After someone is diagnosed with Alzheimer’s, should you limit their interactions with new people? For instance, if their daughter has a new man in their life, is it better to not have him meet the person with Alzheimer’s in order to keep their daily routine the same?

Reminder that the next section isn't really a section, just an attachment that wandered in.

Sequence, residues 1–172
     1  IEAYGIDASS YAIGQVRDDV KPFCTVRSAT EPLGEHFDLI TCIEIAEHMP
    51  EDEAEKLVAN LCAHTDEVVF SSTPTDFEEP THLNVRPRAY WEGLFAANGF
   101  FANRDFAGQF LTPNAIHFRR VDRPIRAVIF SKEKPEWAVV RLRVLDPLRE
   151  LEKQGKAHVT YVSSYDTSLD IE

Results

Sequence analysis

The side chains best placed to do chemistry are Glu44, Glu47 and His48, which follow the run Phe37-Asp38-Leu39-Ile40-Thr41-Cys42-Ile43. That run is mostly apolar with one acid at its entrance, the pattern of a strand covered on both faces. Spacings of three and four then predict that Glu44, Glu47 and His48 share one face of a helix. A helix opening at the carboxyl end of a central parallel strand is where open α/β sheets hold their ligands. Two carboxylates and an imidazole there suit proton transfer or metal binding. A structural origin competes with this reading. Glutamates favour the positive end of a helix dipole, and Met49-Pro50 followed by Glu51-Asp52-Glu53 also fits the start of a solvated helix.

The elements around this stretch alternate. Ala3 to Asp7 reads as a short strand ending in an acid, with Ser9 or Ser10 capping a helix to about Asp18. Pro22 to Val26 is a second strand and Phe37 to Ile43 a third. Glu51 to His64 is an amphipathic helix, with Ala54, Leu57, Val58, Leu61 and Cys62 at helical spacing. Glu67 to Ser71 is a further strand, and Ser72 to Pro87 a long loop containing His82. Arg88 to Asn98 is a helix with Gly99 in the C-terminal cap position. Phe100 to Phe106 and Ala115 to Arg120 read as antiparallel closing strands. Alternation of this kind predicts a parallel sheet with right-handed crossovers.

What a great question! It shows a lot of concern for the person with dementia. There is usually no black-and-white answer with those dealing with dementia, and this question is no different. Based on the patient’s reactions, I would continue to engage them daily with activities, including meeting new friends and caregivers. Some days may work better than others, and that will have to be a judgment call—but for the typical day, it could actually be beneficial. Make sure the new person coming into the relationship understands that they may not remember their name or even that they met. They may ask the same questions or seem uninterested and indifferent. It is important to make the patient feel as if they are being included in the family life they know deep down inside they have left behind and are missing. There may be a point where they become upset, even cry—but it should be temporary, and doesn’t necessarily mean you shouldn’t bring visitors anymore. Keep in mind, their filter is gone—and don’t we all need a good cry once in a while? No one wants to feel abandoned—and meeting visitors, new and old, is a great way for them to remain connected and engaged. Thank you for asking and in the process helping others!

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